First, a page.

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An Evening of Poetry with Alicia Ostriker, Rosebud Ben-Oni, and Rachel Galvin
September 22, 2022, 7:00 PM – 8:30 PM EDTFree
This poetry event is possible through generous support from The Breman Museum. The reading is free and open to the public, and will take place virtually via Zoom. Livestream links and other information are available here.
Alicia Ostriker has published seventeen volumes of poetry, including The Volcano and After; Waiting for the Light; The Old Woman, the Tulip, and the Dog; The Book of Life: Selected Jewish Poems 1979-2011; and The Imaginary Lover, winner of the William Carlos Williams Award. Her poetry has appeared in The New Yorker, American Poetry Review, The Atlantic, Paris Review, The Nation, The New Republic, Best American Poetry, the Pushcart Anthology, and many other journals and anthologies, and has been translated into numerous languages including Hebrew and Arabic. Her critical work includes the now-classic Stealing the Language: the Emergence of Women’s Poetry in America, and other books on American poetry and on the Bible. Ostriker was twice a National Book Award Finalist, and twice a National Jewish Book Award winner. Described by The Progressive as “America’s most fiercely honest poet,” her other honors include awards and fellowships from the NEA, the Guggenheim and Rockefeller foundations, the Poetry Society of America, and the San Francisco State Poetry Center. In 2015, she was elected Chancellor of the Academy of American Poets and in 2018, was named the New York State Poet Laureate. Ostriker has taught in the low-residency Poetry MFA program of Drew University and New England College. She lives in Princeton, NJ, is professor emerita of English at Rutgers University.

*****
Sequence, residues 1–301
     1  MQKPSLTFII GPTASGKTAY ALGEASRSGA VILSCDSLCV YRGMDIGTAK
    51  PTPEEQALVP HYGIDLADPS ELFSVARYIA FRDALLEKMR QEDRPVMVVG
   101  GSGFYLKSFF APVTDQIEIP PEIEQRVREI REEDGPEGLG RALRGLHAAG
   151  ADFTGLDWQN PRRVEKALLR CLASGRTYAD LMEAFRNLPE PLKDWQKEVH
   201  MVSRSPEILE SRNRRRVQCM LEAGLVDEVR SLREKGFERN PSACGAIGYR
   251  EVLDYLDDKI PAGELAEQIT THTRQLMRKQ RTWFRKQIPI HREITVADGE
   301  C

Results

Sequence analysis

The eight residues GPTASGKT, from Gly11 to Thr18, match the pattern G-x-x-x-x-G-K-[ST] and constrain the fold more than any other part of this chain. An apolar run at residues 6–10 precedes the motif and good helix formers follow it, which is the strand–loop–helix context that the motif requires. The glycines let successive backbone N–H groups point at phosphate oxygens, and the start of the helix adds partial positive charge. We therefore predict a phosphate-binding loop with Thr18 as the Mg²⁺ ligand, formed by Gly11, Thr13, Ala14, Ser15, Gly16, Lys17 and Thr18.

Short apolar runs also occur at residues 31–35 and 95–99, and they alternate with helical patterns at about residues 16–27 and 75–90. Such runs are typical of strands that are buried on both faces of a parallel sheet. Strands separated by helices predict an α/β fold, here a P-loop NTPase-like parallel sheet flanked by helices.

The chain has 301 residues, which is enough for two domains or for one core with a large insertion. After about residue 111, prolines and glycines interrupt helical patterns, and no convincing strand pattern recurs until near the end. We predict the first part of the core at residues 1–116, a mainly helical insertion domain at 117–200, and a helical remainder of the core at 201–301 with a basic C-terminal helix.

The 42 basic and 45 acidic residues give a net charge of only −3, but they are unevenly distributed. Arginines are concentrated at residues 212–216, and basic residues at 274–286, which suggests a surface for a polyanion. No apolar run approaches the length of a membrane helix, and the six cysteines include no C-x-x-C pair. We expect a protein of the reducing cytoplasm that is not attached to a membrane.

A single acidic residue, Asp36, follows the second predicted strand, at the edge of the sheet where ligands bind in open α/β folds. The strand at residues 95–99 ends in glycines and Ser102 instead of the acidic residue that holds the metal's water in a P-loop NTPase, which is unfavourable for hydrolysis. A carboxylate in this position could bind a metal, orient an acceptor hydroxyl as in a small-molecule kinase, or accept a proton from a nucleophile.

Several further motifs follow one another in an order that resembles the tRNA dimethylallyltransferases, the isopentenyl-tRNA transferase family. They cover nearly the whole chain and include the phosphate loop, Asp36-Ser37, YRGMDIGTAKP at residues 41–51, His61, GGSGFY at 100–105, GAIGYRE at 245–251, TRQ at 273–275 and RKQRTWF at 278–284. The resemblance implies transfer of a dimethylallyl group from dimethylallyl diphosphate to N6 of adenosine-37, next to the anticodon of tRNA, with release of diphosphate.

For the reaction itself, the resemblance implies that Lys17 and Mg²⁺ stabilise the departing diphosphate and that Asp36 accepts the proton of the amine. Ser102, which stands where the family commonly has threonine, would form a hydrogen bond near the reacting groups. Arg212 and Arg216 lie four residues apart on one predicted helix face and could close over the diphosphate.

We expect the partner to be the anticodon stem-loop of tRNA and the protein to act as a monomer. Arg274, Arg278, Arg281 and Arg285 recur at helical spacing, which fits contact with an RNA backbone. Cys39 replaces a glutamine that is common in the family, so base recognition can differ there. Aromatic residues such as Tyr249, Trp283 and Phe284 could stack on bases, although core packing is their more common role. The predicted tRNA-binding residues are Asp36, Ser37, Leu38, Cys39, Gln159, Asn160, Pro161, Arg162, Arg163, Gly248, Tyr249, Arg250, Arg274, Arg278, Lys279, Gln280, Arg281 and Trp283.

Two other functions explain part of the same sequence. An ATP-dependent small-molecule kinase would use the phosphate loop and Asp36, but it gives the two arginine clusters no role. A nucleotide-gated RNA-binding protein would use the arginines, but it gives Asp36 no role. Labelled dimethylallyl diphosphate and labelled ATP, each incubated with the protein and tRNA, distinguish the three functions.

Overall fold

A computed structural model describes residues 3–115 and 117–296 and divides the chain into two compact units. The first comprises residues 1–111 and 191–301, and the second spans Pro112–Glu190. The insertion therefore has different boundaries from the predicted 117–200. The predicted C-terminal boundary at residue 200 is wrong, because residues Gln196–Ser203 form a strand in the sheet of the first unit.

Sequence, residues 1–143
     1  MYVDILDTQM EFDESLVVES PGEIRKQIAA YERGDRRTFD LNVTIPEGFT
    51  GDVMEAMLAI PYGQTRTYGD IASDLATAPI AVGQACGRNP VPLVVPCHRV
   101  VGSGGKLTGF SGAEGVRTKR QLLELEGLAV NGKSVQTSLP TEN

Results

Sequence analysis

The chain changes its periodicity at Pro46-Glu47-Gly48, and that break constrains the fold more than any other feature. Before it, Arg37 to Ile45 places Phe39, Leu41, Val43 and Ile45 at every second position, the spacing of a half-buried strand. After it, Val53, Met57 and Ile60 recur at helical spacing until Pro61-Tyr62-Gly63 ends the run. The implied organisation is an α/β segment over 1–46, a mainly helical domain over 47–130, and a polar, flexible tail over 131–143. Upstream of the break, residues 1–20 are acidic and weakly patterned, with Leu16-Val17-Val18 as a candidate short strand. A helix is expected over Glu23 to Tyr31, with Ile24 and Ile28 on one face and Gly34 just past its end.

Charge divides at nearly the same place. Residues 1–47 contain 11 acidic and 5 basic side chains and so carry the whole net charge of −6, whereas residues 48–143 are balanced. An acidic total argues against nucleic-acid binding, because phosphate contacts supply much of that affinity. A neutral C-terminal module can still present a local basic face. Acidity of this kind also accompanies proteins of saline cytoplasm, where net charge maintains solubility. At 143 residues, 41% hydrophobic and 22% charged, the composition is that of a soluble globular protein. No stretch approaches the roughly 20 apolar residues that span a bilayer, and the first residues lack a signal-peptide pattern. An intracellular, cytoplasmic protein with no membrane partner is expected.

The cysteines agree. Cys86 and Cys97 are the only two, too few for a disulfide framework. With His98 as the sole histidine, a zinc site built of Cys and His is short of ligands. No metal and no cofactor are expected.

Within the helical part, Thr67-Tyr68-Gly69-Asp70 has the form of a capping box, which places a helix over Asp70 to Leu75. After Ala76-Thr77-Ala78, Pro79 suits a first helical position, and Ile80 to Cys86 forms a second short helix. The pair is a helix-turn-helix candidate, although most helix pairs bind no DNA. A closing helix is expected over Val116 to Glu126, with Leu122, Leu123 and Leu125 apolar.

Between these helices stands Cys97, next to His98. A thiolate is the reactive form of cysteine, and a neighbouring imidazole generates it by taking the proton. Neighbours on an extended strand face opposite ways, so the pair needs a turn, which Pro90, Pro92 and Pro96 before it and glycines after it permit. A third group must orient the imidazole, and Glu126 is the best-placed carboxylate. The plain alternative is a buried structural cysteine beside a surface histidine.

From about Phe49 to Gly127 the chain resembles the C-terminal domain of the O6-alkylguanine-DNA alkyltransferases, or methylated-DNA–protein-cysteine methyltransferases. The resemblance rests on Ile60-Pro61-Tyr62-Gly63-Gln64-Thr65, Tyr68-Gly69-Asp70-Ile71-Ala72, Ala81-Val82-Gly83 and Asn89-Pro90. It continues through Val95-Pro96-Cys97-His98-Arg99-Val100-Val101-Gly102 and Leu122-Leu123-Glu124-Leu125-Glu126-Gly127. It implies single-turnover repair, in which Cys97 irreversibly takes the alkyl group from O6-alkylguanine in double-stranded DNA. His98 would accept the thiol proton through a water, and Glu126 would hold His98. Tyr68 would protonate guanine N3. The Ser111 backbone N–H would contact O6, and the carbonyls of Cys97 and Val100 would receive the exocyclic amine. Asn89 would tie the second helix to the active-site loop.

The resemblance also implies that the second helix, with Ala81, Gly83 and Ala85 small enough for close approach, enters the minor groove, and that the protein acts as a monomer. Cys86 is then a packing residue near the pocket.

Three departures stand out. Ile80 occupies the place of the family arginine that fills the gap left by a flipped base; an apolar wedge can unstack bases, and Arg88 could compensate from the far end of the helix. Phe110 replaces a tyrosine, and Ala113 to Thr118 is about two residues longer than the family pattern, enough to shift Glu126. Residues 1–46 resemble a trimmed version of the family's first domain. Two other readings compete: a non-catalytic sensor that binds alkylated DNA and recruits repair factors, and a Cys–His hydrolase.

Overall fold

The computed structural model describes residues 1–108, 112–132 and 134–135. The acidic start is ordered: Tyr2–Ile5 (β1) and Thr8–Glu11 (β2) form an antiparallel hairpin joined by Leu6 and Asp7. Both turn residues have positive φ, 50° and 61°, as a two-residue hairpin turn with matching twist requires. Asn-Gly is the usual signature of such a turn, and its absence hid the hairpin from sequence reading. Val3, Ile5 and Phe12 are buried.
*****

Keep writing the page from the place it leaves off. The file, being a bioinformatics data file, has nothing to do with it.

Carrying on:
Born to a Mexican mother and Jewish father, Rosebud Ben-Oni is the winner of 2019 Alice James Award for If This Is the Age We End Discovery, which received a Starred Review in Booklist and was a Finalist for the 2021 National Jewish Book Award in Poetry. She is also the author of turn around, BRXGHT XYXS (Get Fresh Books, 2019) and her chapbook 20 Atomic Sonnets. In May 2022, Paramount commissioned her video essay ‘My Judaism is a Wild Unplace’ for a campaign for Jewish Heritage Month, which appears on Paramount Network, MTV Networks, The Smithsonian Channel, VH1 and many others. Ben-Oni lives in New York City where she teaches poetry workshops at Catapult, The Speakeasy Project and UCLA Writers’ Program online. She writes weekly for The Kenyon Review blog.
Rachel Galvin is a poet, translator, and scholar. Her full-length poetry collections of poems include Uterotopia, (Persea Books, 2022; forthcoming), Elevated Threat Level, a finalist for the National Poetry Series, and Pulleys & Locomotion. She is the translator of Raymond Queneau’s Hitting the Streets, winner of the Scott Moncrieff Translation Prize, and co-translator of Oliverio Girondo’s Decals: Complete Early Poetry, a finalist for the National Translation Award. Her current translation project is supported by a National Endowment for the Arts Fellowship. Galvin’s work appears in journals and anthologies including Best American Experimental Writing 2020, Best American Poetry 2020, Bennington Review, Boston Review, Colorado Review, Fence, Gulf Coast, McSweeney’s, The Nation, The New Yorker, and Ploughshares. She is a co-founder of Outranspo, a creative translation collective (outranspo.com), and is Associate Professor of English and Comparative Literature at the University of Chicago, where she also teaches in the Creative Writing Program and is the faculty lead for Translation Studies.